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When Should You File a Motion for College Contribution?
Any motion for college contribution should be filed before your child starts college. This is a "no brainer." In the recent seminal case of Gac v. Gac, 186 N.J. 535 (2006), the noncustodial parent was not consulted as to the selection of a college, or as to how the college would be paid for. The noncustodial parent, only sought reimbursement after the child graduated from college. The New Jersey Supreme Court held that at the very least, the noncustodial parent must have notice before the expenses to pay for college are incurred.
Any college contribution motion should be filed immediately once the child has received his acceptance letters and any financial aid award. I strongly suggest that any motion for college contribution should be filed in January or February before the child graduates from high school. For all practical purposes, any college contribution motion should be filed no later than the beginning of May. By the month of May, even if the child has not received all of his acceptance letters, the custodial parent should have the majority of the information necessary to submit a complete college contribution motion.
The courts almost always will allow the submission of additional information as it becomes available. For example, a child may have been accepted to college as of January 1, but has not received a complete financial aid award until a much later date. Once the financial aid package becomes, then this information can be presented by way of a supplemental certification, or exchanged during discovery.
It is a major mistake to wait until the summer such as until July or August to file your motion. If you file your motion too late, then there is a good chance that your child may not be able to attend his first class because the motion has not been ruled on yet. Moreover, keep in mind that the courts are slower in the summer. Most judges take their vacations in the summer. There is a strong tendency that motions drag on in the summer time because of the judge's and opposing lawyers vacation schedules. In summary, the timing of filing a college contribution motion is critical. If you file it too late, then your child may miss the first semester of his college. Thus, he may wind up going to Middlesex County Community College or to any other local community college.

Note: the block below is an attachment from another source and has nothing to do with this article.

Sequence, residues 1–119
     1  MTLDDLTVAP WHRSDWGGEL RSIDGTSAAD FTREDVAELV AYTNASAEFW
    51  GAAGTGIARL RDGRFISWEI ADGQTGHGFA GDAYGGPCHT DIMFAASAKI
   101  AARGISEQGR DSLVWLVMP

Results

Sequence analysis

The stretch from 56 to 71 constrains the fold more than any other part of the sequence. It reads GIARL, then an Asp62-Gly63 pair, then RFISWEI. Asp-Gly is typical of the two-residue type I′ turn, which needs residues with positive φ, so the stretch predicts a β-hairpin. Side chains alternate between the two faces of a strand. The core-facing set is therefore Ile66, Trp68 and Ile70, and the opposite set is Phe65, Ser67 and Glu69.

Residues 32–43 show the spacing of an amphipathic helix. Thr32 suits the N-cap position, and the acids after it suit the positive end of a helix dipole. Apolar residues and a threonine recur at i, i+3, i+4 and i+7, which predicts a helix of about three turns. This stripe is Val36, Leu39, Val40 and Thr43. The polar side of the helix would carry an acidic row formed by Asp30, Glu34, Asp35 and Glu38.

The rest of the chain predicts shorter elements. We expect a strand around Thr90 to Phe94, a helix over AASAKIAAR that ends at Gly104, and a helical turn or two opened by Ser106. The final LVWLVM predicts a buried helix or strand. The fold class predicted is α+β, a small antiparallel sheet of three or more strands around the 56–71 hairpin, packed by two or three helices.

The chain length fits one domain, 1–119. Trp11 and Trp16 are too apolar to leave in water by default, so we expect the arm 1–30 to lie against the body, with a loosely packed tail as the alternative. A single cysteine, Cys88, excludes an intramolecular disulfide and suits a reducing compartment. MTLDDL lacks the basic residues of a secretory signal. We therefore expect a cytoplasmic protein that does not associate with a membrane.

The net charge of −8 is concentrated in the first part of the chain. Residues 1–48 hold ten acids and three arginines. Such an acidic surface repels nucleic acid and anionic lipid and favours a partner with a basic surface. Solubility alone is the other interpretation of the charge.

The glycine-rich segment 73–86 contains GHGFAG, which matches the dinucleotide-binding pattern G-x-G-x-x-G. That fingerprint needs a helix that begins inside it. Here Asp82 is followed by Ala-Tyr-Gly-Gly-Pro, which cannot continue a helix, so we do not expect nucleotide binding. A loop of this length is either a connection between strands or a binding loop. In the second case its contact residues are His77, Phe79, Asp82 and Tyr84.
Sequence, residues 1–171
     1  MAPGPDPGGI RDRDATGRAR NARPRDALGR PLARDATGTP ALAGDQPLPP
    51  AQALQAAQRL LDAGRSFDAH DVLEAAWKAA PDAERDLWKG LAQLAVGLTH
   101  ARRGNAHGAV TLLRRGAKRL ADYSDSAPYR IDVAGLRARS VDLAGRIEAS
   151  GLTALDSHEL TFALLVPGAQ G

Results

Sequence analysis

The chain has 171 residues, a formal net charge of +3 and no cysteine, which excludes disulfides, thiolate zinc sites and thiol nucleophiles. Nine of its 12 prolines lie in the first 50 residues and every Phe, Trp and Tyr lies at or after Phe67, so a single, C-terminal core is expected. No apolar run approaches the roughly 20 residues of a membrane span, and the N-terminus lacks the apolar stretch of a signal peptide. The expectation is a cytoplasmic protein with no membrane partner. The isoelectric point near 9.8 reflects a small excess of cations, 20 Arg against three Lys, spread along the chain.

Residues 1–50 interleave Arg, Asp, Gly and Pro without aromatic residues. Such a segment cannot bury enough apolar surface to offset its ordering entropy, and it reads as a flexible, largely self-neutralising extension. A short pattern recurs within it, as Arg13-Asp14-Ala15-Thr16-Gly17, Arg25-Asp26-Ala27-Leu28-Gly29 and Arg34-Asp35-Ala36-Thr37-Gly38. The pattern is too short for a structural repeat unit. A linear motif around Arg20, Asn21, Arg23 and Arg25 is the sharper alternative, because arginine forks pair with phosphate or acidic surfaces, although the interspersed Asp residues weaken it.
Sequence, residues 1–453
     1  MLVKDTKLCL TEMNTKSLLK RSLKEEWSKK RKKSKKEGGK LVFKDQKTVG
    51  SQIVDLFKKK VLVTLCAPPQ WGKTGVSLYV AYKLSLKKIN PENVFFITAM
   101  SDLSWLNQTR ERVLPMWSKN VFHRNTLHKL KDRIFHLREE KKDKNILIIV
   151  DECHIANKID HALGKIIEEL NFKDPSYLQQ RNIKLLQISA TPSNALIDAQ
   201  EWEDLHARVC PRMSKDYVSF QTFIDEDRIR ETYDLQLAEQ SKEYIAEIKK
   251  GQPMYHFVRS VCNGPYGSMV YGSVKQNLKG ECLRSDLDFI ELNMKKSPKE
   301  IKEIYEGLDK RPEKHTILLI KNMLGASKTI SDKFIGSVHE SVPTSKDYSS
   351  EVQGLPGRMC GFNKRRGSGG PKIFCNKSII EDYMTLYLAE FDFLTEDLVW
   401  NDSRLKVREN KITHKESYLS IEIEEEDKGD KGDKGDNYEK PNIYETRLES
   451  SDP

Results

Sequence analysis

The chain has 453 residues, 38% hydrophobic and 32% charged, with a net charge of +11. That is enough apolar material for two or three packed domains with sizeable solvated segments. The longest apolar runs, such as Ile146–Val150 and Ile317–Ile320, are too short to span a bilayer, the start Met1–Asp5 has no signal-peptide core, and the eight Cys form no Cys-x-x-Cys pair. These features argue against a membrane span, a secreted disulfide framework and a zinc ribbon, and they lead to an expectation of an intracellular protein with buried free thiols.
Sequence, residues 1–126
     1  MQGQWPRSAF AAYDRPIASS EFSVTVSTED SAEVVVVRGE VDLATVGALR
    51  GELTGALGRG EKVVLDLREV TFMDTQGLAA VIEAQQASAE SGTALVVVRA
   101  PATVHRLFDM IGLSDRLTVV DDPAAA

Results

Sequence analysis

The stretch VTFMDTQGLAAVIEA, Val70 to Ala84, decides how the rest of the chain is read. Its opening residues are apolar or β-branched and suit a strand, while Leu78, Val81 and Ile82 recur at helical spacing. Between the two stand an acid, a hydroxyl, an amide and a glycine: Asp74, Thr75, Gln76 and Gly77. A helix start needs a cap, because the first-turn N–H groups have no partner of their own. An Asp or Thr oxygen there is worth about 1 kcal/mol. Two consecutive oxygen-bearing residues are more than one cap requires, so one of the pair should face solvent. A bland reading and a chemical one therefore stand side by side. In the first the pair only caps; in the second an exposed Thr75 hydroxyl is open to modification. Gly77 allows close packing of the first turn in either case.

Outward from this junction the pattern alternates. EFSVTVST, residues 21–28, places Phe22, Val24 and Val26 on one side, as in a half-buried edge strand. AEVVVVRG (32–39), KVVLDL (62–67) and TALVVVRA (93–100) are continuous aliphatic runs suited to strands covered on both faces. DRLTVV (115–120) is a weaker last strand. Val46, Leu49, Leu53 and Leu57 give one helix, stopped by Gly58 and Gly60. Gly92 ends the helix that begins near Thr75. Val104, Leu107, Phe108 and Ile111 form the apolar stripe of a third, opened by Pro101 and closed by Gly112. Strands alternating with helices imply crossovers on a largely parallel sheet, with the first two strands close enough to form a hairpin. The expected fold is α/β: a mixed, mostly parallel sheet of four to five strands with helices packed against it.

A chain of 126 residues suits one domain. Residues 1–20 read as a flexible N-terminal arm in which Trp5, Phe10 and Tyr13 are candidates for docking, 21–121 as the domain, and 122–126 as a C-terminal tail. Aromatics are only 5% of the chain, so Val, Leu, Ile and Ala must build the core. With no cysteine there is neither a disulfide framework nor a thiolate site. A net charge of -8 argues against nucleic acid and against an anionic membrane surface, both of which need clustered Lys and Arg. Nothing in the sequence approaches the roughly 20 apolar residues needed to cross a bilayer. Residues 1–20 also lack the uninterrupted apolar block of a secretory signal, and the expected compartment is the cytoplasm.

New Jersey has five types of spousal support. Rehabilitative alimony is a short-term monetary award that allows a spouse to go back to school or obtain training to re-enter the workforce. Limited duration alimony is awarded in cases of a short marriage when rehabilitative alimony doesn't apply. Reimbursement alimony is awarded when one spouse makes a personal sacrifice so that the other spouse could receive professional or career training. Alimony pendente lite is awarded when a divorce is pending so that both parties can maintain their current standard of living until a final judgment is made. Finally, there is permanent alimony which is usually appropriate in long term marriages and typically terminates upon the death of either party or remarriage.
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"A Plain English Guide to Protecting Your Children"
Author: Mary L. Boland, Attorney at Law
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